in both groups (Figure1B, ci,cii) and absolute numbers of CD68+ ing anti-CD138 antibodies, which stain terminal plasma cells. A
cells were not significantly different between HIV-infected and notable difference in the level of staining was observed with the
-uninfected tissue (p=0.36) (Figure1C). Similarly, T-cell dis- HIV-infected specimens showing diffuse positive staining over
tribution as demonstrated by anti-CD3 antibody staining was large portions of tissue (Figure2C, aii,bii), whereas in contrast,
confined largely to the periphery with specific staining within HIV-uninfected tissue displayed limited staining (Figure 2C,
the granuloma in HIV-uninfected specimens (Figure1D, ai,bi). ai,bi). In both groups, plasma cells were observed at the periph-
HIV-infected tissue again displayed diffuse staining where ery of granulomas. When we enumerated the absolute numbers
CD3+ T cells were scattered throughout the granulomatous of Pax5+ and CD138+ cells, we found a significant increase in
region (Figure1D, aii,bii). We also noted that total numbers of CD138+ plasma cells (Figure 2D; p = 0.01) in HIV-infected

Figure 2 | Plasma Bcells and mesenchymal stem cells are increased dramatically during HIV-tuberculosis (TB) coinfection. (A) Distribution and percentage of
Pax5+ cells within spinal TB granulomas. [(A), ai,aii]: 20 and [(A), bi,bii]: 40 microscopic view of Pax5-stained cells; (B) pooled absolute number of Pax5+ cells in
different samples. (C) Distribution and percentage of CD138+ plasma-Bcells within spinal TB granulomas. [(C), ai,aii]: 20 and [(C), bi,bii]: 40 microscopic view of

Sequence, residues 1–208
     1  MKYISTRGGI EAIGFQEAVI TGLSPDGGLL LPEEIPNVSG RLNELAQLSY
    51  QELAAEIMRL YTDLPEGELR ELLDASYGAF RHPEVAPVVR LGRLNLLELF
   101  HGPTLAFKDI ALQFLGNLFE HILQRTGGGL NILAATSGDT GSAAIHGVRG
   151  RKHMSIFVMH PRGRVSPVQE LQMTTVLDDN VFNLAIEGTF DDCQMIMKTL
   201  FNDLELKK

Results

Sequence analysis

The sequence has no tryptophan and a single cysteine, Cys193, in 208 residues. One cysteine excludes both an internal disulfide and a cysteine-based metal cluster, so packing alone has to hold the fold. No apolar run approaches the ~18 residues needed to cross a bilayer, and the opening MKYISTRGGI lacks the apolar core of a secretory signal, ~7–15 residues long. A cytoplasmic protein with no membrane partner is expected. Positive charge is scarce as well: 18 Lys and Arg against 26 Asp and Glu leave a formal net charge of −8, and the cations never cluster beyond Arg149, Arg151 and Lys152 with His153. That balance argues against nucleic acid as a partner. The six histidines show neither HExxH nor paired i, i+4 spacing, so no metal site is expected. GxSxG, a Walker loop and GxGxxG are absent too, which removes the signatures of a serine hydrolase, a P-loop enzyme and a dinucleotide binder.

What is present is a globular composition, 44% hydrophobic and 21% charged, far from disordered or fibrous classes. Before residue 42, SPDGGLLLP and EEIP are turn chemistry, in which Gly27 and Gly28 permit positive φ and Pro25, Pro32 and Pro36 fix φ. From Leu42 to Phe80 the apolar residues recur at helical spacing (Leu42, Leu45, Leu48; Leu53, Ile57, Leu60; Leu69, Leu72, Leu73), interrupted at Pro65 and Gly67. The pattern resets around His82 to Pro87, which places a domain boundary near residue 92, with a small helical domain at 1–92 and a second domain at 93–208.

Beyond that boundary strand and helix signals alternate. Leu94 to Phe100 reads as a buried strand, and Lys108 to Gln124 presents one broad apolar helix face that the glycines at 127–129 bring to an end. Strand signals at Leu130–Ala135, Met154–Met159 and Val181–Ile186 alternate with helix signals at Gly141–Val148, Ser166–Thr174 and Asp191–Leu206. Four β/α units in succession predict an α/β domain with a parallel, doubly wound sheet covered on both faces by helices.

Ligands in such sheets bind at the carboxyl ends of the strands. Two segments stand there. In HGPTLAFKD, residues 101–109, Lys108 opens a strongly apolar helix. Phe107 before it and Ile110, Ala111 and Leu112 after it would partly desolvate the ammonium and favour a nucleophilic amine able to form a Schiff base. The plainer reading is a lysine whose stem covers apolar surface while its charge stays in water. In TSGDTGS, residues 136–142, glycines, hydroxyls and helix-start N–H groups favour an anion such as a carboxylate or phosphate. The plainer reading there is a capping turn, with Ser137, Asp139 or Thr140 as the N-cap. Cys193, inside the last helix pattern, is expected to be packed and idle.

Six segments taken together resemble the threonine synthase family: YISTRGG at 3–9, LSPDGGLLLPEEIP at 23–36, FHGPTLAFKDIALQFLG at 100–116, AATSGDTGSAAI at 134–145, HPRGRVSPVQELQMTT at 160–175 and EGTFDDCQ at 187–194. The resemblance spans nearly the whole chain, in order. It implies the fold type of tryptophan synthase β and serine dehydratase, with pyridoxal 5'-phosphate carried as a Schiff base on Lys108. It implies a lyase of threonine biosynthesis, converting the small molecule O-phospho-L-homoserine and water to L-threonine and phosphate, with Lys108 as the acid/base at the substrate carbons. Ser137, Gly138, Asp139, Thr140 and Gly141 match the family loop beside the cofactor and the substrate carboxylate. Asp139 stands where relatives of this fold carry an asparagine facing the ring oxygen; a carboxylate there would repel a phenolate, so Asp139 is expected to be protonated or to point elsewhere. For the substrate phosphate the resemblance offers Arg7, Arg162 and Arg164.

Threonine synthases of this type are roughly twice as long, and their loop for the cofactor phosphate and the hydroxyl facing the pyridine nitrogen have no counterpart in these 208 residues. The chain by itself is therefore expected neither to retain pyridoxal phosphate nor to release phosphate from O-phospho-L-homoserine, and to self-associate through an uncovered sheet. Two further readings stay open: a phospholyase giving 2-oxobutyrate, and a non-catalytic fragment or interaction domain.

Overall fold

CD138+ stained cells; (D) Pooled absolute numbers of CD138+ cells in different samples. (E) Percentage of CD29+ cells within spinal TB granulomas of HIV-negative
and -positive patients. [(E), i,ii]: 40 microscopic view of anti-CD3 stained cells; (F) pooled absolute number of CD29+ cells in different samples. (G) CD4+ Tcells
and CD68+ macrophages are a reservoir of HIV. [(G), i,ii]: 40 microscopic view of CD3+ or CD68+ cells double-stained for localization of HIV protein p24; pink is
stained for either CD3+ or CD68+ cells, brown is for p24 protein of HIV, and brownish pink color is for double staining. (H) Pooled absolute number of double-stained
cells in different samples (*denotes the statistical significance).

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compared with -uninfected tissue, whereas no difference was

observed in the numbers of Pax5+ Bcells (Figure2B; p=0.49).
Mesenchymal stem cells were identified by immunolocaliza-
tion of the CD29 Ab as per our previous work (16) whereas
with the current study, only one marker was used to identify
this immune cell subset. These cells were present in both
HIV-negative and -positive samples (Figure 2E, i,ii). In HIV-
uninfected samples, MSCs were located in the peripheral of
granulomas whereas in HIV-infected samples, MSCs were more
sparsely distributed and were dispersed throughout the granu-
lomas. Interestingly, significantly increased numbers of CD29+
MSCs were present in the HIV coinfected compared with the
HIV-uninfected group (p=0.003) (Figure2F).
Finally, to investigate the distribution of HIV-infected mac-
rophages and T-cells, we performed dual staining of anti-p24
HIV antibody with the T-cell-specific anti-CD3 antibody or with
the macrophage-specific anti-CD68 antibody. Both CD3+ Tcells
and CD68+ cells displayed colocalization with HIV-1 anti-p24
antibody staining (Figure2G, i,ii and Figure2H).

HIV Infection Induces IgG and/or IgM

Responses Figure 3 | IgM and IgG serum levels are altered during HIV-tuberculosis
Since CD138+ plasma cells are significantly increased in HIV- (TB) coinfection. Graphical representation of immunoglobulin expression
levels measured in control samples that were HIV- and TB-negative (blue);
positive patients, we explored the dynamics of their activation
spinal TB-positive but HIV-negative (salmon); spinal TB-positive and